3.2 Outputs
Outputs of the OBDD reordering problem are variable orders. We want the neural network to find a nearoptimal order in a short time.
A variable order can be specified as a permutation of variables. For example, the variable orders of the two OBDDs in Figure 1 are and , respectively. However, the variable permutation is not a proper format of the neural network’s output. Generally, a neural network requires its output to be a differentiable structure such that the gradient descent algorithm can work on [Rumelhart, Hinton, and Williams1986].
To this end, we let the output of the OBDD reordering problem to be a vector of real numbers, called the depth vector. Formally, given a variable , denote , For example, a depth vector of the right OBDD in Figure 1 is . The less the depth value is, the more front the corresponding variable in the order. With the above depth vector, we can quickly decide the variable order: .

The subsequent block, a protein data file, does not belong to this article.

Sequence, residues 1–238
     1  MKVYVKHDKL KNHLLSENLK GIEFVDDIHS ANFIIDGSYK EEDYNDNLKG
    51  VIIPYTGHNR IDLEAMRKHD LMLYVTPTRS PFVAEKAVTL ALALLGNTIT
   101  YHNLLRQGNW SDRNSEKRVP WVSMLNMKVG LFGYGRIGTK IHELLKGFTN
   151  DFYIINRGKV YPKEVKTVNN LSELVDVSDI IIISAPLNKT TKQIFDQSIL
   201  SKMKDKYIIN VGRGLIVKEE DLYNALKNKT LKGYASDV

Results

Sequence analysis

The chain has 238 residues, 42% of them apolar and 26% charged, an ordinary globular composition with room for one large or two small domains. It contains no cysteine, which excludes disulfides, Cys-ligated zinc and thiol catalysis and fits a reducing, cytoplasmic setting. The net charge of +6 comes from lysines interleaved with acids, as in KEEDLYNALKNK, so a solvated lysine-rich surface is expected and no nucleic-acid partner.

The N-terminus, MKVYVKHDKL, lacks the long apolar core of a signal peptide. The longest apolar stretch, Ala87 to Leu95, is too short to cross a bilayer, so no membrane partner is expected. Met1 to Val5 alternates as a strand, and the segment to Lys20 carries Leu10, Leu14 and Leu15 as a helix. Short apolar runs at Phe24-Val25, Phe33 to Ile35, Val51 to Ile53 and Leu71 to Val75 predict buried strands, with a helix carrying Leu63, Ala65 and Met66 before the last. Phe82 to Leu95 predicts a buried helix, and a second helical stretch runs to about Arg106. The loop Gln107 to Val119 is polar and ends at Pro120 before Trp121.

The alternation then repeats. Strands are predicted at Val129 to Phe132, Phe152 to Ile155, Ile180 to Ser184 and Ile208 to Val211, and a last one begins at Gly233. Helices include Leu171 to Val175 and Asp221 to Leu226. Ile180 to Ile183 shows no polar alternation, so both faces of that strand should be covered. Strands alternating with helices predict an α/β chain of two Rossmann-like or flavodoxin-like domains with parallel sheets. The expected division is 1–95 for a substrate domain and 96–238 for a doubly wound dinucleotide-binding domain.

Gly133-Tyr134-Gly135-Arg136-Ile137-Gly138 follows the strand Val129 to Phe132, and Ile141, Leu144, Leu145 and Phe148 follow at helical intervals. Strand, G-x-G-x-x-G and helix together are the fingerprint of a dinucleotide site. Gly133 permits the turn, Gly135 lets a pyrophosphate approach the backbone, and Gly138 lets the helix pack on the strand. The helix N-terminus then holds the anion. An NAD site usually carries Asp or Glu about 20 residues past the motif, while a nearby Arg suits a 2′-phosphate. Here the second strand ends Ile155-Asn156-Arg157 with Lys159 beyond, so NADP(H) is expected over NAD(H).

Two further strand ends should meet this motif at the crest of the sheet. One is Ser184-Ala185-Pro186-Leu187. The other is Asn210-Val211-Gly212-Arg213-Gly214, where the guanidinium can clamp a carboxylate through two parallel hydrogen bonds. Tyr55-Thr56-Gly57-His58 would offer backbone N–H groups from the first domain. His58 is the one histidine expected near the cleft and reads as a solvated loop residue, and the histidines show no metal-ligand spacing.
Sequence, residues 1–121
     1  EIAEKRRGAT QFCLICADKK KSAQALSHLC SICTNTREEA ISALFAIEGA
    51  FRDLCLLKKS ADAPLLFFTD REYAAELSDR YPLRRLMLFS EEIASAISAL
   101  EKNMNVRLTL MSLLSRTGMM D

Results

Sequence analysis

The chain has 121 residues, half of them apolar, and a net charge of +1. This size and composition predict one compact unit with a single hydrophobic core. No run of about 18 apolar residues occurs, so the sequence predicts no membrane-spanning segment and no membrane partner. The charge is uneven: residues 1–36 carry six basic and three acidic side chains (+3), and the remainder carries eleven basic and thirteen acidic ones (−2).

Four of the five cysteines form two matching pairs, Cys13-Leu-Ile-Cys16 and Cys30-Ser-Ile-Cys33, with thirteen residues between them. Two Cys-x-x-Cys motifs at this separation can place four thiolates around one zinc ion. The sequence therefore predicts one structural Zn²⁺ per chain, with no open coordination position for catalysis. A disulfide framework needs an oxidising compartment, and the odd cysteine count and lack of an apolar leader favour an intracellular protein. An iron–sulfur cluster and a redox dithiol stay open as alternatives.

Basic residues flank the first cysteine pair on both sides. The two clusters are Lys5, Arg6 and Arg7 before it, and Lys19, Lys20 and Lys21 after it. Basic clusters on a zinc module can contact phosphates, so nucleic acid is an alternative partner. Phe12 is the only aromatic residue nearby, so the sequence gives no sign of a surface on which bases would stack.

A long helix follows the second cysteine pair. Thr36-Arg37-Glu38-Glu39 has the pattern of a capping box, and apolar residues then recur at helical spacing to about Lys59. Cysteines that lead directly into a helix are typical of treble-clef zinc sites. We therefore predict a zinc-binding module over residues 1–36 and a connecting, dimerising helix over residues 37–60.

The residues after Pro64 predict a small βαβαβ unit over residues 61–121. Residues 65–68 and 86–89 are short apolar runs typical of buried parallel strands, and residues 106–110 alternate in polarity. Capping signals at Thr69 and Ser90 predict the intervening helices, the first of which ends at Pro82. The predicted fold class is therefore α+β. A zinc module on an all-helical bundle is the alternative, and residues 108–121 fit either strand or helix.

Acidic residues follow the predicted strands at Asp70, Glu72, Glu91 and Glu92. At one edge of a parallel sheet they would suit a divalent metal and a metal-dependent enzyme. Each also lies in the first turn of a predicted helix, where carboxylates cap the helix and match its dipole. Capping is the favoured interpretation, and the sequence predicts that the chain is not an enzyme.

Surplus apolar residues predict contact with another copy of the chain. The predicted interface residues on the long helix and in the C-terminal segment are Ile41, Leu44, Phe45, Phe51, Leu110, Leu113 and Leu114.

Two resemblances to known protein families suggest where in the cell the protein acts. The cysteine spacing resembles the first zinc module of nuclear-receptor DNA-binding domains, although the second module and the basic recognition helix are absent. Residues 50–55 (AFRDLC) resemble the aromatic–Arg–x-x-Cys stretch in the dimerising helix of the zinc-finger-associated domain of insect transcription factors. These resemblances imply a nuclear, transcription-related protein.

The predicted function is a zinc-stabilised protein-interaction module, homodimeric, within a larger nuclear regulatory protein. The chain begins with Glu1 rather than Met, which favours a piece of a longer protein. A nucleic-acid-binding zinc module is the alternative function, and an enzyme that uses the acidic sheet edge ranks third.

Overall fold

3.3 Loss Function
After the definition of input and output, we also need a suitable loss function for out task. Since the final order computed from the final depth vector is only related to the order of the values, but not the detailed values in the vector. We use the angle
of the predicted vector to the expected vector to measure the error, i.e.,where is the prediction of NN, is the target vector, and means 2norm. Notice that, each element is the nearoptimal OBDD depth of corresponding variable (i.e. node in hypergraph). We have already convert the OBDD reordering task into nodelevel learning task on hypergraph. We don’t care the state of whole hypergraph but do focus on the prediction of each node (i.e. depth of variable).